A key focus of the Cyber Innovation Center is to build a regional work force around science, technology, engineering and mathematics (STEM) fields.

In recent years, CIC efforts resulted in global technology companies such as Lockheed Martin providing a “foothold” to bring in jobs by establishing a regional office in Bossier City. But CIC officials say as industry grows, there is a need for more student interest in those fields.

“As a nation, we’re not providing enough STEM graduates,” CIC Assistant Director GB Cazes said.

To help solve this problem and to support anticipated local industry growth, the CIC developed an educational model set to be rolled out nationwide.

The model started with a cyber discovery camp that immersed six high school students and two teachers in cyber applications and programs, the social implications of cyber security and exploring cyber career fields.

The camp served as a catalyst to add more camps for younger students, develop professional development for teachers and redesign high school and middle school curricula around project-driven learning environments. The national rollout of the model begins this summer with a cyber discovery camp at the University of Baltimore.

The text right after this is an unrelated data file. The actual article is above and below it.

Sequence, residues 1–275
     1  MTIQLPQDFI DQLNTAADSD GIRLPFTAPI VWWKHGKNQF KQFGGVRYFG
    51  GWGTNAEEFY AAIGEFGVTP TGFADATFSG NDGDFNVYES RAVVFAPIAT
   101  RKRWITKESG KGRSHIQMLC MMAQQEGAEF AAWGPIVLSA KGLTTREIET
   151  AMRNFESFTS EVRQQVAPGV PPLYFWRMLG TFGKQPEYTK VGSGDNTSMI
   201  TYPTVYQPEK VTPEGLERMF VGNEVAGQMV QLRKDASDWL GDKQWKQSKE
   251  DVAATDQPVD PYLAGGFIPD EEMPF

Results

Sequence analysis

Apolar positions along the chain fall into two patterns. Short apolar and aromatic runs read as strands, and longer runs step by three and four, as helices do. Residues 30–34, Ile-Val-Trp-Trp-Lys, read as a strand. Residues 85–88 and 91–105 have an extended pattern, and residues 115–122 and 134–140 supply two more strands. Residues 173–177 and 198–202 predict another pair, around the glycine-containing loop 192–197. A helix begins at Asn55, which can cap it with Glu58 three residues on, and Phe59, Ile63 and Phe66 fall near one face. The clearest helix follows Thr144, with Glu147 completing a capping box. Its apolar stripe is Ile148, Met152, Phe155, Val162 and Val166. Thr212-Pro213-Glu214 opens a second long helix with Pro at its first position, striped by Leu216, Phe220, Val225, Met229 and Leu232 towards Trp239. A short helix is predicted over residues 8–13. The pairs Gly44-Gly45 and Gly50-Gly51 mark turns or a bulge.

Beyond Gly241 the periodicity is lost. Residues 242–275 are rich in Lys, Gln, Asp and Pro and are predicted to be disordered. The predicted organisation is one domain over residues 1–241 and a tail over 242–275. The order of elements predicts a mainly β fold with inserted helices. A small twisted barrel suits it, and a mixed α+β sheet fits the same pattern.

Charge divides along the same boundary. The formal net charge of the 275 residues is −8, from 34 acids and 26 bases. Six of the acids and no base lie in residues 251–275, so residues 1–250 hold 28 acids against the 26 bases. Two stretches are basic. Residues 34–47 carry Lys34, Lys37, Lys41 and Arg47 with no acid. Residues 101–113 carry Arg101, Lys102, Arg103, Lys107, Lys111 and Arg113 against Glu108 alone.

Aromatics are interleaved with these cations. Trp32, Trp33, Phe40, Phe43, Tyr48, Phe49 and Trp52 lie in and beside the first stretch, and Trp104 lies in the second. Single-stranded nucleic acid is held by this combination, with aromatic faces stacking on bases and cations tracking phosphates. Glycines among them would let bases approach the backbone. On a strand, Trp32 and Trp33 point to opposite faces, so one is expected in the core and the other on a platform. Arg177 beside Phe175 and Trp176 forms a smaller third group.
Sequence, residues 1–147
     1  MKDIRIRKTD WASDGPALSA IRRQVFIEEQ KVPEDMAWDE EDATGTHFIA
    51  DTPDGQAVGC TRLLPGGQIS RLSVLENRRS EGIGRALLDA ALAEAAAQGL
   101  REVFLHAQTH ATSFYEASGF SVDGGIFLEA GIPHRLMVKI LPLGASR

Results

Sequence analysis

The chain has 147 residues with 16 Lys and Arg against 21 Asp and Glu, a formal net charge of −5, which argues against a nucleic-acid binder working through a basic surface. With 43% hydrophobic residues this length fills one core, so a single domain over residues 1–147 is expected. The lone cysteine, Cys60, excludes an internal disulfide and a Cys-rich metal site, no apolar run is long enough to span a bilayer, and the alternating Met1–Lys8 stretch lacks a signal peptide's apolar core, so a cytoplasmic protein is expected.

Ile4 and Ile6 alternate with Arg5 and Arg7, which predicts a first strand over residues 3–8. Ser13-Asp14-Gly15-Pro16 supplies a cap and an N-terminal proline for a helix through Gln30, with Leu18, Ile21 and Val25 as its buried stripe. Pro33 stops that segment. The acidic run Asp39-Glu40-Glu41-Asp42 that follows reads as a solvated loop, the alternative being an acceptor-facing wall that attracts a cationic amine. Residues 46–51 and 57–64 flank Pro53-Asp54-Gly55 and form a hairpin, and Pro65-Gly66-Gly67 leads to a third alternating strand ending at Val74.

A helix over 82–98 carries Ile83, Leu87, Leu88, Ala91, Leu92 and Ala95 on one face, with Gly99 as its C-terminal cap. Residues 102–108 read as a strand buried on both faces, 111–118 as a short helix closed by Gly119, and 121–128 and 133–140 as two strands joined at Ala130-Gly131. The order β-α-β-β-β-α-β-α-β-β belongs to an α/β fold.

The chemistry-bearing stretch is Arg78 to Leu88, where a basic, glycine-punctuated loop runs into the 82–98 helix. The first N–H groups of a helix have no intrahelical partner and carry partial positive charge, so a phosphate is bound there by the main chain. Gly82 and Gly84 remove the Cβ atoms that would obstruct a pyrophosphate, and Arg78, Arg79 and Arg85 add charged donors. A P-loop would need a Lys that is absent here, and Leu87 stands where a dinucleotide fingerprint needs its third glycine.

“Our goal over the next 10 years is to reach over 2 million students and 15,000 teachers nationwide,” Cazes said.

Students tend to be more interested in the end uses of technological products and services, Benton High School math and physics teacher Marvin Nelson said.

“Activity- and project-based learning curricula like robotics classes in middle school and cyber science and NASA threads physics in high school help students learn about the technology behind the devices and systems they use every day and work to generate interest in STEM fields,” he said.

Recently, the CIC contributed $20,000 to send students from five area high schools and Louisiana Tech University to compete at the Shell Eco Marathon Americas in Houston, CIC Executive Director Craig Spohn said.

The competition challenged 99 high school and college students from the United States, Canada, Mexico and Brazil to design, build and test energy efficient vehicles.

Nelson, who led the Benton High School team, said his students started on their vehicle in August and worked closely with the staff at the Northwest Louisiana Technical College on its engine.

The team placed 14th in the competition’s prototype category at 672 mpg. A joint team comprised of Airline and Haughton high schools placed 23rd in the same category at 230 mpg, while North DeSoto High School placed 28th at 94 mpg.

Parkway High School competed in the battery electric category and placed 19th overall at 34 miles per kilowatt-hour.

Nelson said students came away with “a much larger view of technology, technical education and the challenges that high-technology industries are facing.”

The CIC plans to sponsor student teams again and set up several local camps and workshops for this year to “engage students with technology,” Cazes said.